Image: Stations on the NJ UGRR
New Jersey’s path to abolition for all of its citizens was a rocky one. In 1804 New Jersey passed its first abolition law, An Act for the Gradual Abolition of Slavery. It freed all black children born on or after July 4, 1804, after serving an apprenticeship to their mother’s owner for 21 years for females and 25 years for males. A law passed by the state legislature in 1826 stated that fugitive slaves from other states who were residing or apprehended in New Jersey had to be returned to their owners.
19th Century Landscape and Marine Artist
Image: Taking in the Sails
By Mary Blood Mellen
In recent years, Mary Blood Mellen has emerged as one of the most talented women artists in the years immediately preceding the Civil War. She was an American landscape and marine artist who collaborated with her mentor, American Luminist master Fitz Henry Lane. Mellen was one of the few women painters associated with the Hudson River School – a group of artists working in nineteenth-century New England. She is known for her renderings of nostalgic landscapes and seascapes in the Gloucester, Massachusetts area.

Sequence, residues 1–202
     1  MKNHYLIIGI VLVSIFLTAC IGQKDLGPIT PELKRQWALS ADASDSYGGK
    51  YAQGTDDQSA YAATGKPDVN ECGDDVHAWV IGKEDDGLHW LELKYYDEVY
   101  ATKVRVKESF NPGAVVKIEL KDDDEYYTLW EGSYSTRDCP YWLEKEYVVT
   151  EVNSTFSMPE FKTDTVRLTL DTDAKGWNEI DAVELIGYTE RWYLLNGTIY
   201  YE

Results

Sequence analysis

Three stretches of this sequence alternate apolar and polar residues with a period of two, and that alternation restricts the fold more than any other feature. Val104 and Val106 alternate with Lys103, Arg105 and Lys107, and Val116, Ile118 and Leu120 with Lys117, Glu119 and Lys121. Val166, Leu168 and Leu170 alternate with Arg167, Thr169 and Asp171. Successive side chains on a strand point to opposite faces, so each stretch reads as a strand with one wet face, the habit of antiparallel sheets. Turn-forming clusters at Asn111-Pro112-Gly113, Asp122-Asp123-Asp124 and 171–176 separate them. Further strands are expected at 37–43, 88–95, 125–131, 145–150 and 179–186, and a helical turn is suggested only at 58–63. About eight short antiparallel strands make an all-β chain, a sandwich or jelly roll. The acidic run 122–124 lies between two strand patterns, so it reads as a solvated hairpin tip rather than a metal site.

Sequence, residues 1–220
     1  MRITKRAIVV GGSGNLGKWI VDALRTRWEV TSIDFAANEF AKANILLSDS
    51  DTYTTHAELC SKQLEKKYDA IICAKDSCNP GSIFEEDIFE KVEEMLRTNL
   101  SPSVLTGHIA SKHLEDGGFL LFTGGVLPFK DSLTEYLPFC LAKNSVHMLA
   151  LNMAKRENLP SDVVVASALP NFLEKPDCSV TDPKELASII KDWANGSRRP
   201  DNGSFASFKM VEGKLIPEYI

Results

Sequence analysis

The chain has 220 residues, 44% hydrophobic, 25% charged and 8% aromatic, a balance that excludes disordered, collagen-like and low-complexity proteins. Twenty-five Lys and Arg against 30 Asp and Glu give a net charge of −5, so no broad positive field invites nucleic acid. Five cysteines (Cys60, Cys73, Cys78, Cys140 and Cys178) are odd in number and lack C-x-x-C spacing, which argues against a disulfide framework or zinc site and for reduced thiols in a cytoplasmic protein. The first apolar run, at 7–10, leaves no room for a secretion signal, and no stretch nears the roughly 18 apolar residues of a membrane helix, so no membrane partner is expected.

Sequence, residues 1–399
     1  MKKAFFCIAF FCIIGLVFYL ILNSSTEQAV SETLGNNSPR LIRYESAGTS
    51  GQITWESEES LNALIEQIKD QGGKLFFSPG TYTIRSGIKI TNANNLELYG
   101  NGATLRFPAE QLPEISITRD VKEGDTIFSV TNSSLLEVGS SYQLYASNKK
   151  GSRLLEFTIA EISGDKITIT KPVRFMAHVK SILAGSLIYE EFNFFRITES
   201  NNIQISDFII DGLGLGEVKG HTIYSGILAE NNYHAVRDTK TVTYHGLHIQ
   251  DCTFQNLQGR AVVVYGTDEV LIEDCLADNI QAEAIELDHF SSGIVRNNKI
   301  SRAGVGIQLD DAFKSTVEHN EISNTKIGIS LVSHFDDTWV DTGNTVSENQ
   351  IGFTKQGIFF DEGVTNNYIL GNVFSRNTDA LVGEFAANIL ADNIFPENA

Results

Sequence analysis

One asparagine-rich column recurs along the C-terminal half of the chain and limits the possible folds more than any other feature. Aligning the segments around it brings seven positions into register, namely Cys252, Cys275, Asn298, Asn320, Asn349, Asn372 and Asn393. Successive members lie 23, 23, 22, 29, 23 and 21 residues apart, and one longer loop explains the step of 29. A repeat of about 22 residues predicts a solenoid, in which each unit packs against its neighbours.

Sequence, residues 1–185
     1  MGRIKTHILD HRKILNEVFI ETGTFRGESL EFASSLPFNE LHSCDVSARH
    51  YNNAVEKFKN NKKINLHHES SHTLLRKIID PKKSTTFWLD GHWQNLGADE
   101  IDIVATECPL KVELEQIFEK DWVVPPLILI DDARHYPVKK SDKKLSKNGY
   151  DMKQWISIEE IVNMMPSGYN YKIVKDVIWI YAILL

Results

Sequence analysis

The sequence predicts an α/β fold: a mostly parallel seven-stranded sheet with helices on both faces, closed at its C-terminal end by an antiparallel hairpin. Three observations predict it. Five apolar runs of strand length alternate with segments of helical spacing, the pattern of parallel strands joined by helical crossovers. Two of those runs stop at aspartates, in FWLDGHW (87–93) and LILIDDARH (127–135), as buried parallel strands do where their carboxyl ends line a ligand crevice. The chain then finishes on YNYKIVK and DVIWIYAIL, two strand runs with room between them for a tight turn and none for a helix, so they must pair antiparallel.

While information about her life is always somewhat sketchy, Mary Blood Mellen was likely born in 1817 in Sterling, Massachusetts, where she attended a girl’s academy and studied painting. Mary showed an early interest and aptitude in art and learned to paint with watercolors at boarding school. In 1840, she married the Reverend Charles Mellen, and the couple lived in Gloucester, Massachusetts. Mellen was a Universalist minister at several Massachusetts churches during his career.
Slave Who Escaped from Bondage in Maryland
Image: Exhibit at New Castle Court House Museum
Simulates Sam and Emeline Hawkins in jail in New Castle, Delaware
This exhibit Emeline Hawkins: Her Journey from Slavery to Freedom on the Underground Railroad chronicles the compelling story of Hawkins and her family. They were arrested in the slave state of Delaware while attempting to reach the free state of Pennsylvania.
In 1845, three noted abolitionists guided Emeline Hawkins and her family on their journey along the Underground Railroad. Conductor Samuel Burris led the Hawkins family out of Maryland and into Delaware. Station Masters Thomas Garrett and John Hunn fed and sheltered the family, and aided their escape through the state of Delaware and on to the free state of Pennsylvania.